Freivalds defined an acceptable programming system independent criterion for learning programs for functions in which the final programs were required to be both correct and “nearly” minimal size, i.e., within a computable function of being purely minimal size. Kinber showed that this parsimony requirement on final programs limits learning power. However, in scientific inference, parsimony is considered highly desirable. A lim-computable function is (by definition) one calculable by a total procedure allowed to change its mind finitely many times about its output. Investigated is the possibility of assuaging somewhat the limitation on learning power resulting from requiring parsimonious final programs by use of criteria which require the final, correct programs to be “not-so-nearly” minimal size, e.g., to be within a lim-computable function of actual minimal size. It is shown that some parsimony in the final program is thereby retained, yet learning power strictly increases. Considered, then, are lim-computable functions as above but for which notations for constructive ordinals are used to bound the number of mind changes allowed regarding the output. This is a variant of an idea introduced by Freivalds and Smith. For this ordinal notation complexity bounded version of lim-computability, the power of the resultant learning criteria form finely graded, infinitely ramifying, infinite hierarchies intermediate between the computable and the lim-computable cases. Some of these hierarchies, for the natural notations determining them, are shown to be optimally tight.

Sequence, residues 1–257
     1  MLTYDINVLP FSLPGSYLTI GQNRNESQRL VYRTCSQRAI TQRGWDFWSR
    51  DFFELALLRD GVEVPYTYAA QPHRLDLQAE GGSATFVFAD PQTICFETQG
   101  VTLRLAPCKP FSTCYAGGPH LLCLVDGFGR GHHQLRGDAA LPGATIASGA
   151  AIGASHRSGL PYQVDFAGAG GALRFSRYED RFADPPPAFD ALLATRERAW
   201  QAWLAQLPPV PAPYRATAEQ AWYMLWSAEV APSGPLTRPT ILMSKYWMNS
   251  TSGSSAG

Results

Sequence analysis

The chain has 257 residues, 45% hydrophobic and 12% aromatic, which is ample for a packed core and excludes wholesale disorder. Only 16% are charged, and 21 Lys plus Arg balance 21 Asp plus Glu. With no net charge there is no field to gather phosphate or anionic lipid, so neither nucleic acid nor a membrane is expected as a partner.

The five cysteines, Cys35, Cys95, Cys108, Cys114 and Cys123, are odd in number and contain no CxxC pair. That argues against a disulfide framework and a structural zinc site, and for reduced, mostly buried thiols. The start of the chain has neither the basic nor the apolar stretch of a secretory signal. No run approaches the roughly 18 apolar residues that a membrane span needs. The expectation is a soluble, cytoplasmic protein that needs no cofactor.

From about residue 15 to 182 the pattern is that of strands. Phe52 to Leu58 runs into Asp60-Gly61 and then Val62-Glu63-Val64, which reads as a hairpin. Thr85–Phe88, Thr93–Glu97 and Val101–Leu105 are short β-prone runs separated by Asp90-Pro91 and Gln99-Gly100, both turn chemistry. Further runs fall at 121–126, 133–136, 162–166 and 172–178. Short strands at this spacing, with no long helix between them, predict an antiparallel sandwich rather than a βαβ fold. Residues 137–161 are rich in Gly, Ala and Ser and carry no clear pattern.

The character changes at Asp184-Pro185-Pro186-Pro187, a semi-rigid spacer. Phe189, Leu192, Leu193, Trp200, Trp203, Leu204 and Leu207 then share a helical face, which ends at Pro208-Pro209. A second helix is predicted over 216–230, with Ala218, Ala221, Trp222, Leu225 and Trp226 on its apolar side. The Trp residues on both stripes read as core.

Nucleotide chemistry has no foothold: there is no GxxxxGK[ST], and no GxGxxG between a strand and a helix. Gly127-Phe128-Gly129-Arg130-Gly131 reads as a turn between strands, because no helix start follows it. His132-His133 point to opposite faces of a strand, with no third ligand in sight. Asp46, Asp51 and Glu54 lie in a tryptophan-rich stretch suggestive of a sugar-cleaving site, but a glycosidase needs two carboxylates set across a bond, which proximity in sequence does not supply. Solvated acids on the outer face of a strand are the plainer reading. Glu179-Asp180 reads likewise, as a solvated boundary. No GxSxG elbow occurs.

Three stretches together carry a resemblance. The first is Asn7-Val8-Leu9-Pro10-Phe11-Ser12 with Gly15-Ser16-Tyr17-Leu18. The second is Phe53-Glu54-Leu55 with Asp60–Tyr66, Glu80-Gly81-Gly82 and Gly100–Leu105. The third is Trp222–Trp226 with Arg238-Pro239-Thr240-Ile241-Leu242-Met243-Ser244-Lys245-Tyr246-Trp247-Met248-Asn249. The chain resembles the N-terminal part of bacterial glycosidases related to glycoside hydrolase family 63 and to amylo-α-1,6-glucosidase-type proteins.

"Parsimony hierarchies for inductive inference." J. Symbolic Logic 69 (1) 287 - 327, March 2004. https://doi.org/10.2178/jsl/1080938842